The Best Way To Remove The Window Tint on a Any Car

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Steam is hands-down, the easiest way to remove window tint from your car without ruining defroster lines or spending needless hours scraping glue off the glass.

Removing window tint can be a terrible experience. If you get fed up and decide to just start peeling it off, you're going to have an awful time. Heat from a hair dryer helps, but hot steam trumps all, I promise.

How window tint works

Tint is made up of one or more layers of treated polyester (plastic). One side will have a scratch-resistant coating and the other will have a layer of adhesive that will bond to glass.

The layers can be designed to filter light with differing combinations of these goals:

  1. Reduce interior temperatures (infrared light)
  2. Reduce glare
  3. Reduce damaging effects on skin, eyes, and interior trim (ultraviolet light)
  4. Increase privacy
  5. Change vehicle appearance
  6. Some increased safety by holding shattered glass together


The sticky adhesive used on window tint is pressure sensitive. When the protective layer is removed, the sticky surface will adhere to whatever it touches. When applied - installers will use a solution of water and soap to prevent immediate adhesion so that the tint can be shaped and positioned. The solution evaporates over a few weeks, leaving the adhesive behind.

Over time, the adhesive can change color, loose UV light resistance, and eventually fail to adhere to the glass.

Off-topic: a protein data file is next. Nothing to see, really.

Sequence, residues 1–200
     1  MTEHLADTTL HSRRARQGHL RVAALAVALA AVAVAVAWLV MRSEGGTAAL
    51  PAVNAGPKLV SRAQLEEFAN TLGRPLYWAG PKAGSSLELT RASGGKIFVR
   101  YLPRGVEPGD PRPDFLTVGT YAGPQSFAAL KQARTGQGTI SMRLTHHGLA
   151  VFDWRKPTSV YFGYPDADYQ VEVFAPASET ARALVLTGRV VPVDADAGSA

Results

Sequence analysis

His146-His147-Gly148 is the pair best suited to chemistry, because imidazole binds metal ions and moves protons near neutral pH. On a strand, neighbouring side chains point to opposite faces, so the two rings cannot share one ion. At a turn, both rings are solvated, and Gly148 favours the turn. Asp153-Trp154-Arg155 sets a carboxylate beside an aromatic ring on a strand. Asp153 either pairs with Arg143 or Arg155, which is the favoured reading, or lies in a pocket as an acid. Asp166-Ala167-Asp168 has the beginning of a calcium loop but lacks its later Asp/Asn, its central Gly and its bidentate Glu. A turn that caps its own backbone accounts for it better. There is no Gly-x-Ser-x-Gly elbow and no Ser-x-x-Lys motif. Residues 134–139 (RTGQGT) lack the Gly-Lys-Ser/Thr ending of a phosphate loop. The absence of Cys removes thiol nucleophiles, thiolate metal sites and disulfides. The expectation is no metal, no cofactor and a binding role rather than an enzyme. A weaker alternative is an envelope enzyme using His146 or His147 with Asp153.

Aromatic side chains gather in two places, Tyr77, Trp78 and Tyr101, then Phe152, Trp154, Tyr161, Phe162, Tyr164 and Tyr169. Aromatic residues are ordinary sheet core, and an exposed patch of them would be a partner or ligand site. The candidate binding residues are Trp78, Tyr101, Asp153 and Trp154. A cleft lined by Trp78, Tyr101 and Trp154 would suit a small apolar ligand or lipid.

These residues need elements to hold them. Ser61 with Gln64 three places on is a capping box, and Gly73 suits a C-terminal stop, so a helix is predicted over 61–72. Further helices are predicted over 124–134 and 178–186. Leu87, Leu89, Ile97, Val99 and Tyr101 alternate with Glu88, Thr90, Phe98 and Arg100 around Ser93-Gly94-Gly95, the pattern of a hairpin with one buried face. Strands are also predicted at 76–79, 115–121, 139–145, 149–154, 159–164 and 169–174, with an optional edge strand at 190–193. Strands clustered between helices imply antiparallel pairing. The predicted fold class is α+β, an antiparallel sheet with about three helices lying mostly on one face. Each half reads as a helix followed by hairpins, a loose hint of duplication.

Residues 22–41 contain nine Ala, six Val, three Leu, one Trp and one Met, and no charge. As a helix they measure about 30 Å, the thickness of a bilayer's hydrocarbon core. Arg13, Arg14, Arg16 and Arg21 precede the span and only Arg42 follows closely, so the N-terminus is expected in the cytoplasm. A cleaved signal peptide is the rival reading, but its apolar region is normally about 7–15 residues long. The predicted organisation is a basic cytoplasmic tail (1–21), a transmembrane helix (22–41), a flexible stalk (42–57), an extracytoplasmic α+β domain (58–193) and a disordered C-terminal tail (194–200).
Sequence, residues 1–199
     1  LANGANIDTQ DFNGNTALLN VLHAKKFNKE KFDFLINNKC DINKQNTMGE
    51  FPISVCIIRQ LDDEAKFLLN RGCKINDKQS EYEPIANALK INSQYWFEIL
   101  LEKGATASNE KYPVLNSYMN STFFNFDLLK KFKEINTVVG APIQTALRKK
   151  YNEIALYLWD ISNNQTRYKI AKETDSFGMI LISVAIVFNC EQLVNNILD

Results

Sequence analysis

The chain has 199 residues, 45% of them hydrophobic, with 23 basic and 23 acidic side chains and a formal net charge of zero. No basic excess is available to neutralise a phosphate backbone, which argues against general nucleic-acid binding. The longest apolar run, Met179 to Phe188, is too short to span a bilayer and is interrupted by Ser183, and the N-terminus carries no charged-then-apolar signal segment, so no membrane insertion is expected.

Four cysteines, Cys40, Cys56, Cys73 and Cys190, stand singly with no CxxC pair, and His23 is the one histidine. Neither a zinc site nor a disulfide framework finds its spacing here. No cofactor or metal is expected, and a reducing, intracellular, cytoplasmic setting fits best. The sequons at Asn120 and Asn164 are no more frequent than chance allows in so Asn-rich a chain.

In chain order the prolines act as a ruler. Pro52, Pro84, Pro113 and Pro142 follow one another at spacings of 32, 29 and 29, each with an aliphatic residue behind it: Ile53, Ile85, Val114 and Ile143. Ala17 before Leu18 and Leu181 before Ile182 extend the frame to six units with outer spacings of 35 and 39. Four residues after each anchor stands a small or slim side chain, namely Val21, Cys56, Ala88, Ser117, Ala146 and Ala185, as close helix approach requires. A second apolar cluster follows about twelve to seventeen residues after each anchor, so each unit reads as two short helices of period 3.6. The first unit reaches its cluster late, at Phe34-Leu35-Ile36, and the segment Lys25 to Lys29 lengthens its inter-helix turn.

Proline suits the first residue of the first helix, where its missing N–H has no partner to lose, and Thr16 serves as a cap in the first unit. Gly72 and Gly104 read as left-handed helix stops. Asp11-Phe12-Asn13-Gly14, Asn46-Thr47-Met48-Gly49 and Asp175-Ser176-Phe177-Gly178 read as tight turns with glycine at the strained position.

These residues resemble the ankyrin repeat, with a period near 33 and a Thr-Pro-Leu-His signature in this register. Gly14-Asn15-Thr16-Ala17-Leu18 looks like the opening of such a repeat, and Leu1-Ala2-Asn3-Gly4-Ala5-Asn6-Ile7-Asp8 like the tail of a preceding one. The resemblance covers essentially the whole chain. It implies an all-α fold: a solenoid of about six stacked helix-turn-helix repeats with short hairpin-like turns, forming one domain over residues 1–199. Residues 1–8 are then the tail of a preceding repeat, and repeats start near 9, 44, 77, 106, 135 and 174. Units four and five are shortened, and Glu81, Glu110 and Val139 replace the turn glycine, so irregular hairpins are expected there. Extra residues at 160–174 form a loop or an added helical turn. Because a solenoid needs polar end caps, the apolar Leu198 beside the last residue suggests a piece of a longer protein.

Choose a Starting Point


Find a loose edge or corner. If you don't have any, use a fresh razor to start an edge. Get under the tint by holding it flat against the glass and sliding it under the tint.

Razor blades have an increased chance of scratching glass if they are dull, damaged, or if you use just the corner to cut. So keep them clean, new, and the entire cutting edge flat against the surface.

Steam the Window


Turn the steamer to it's maximum setting and use it to heat a section of the tint about 10 inches around your starting point.

The steam can be very hot, so be cautious to prevent burning your skin.

Peel Back the Tint


Continue to steam the area around where you're working. It loosens the adhesive and keeps you from having to do a ton of extra work cleaning up the adhesive.

If the tint starts to strip into pieces or the adhesive isn't staying on the film as it peels, apply more heated steam and slow down.


Begin peeling the tint back. Pull it back at an extreme angle so that the tint is basically folded flat against the glass as it peels away.

Clean The Glass


Remove remaining adhesive (which should be very very little) by heating it up and using the razor (again, flat against the surface) to pull it up.

Alternatively you can probably just use windex and clean it off with the rest of the residue.

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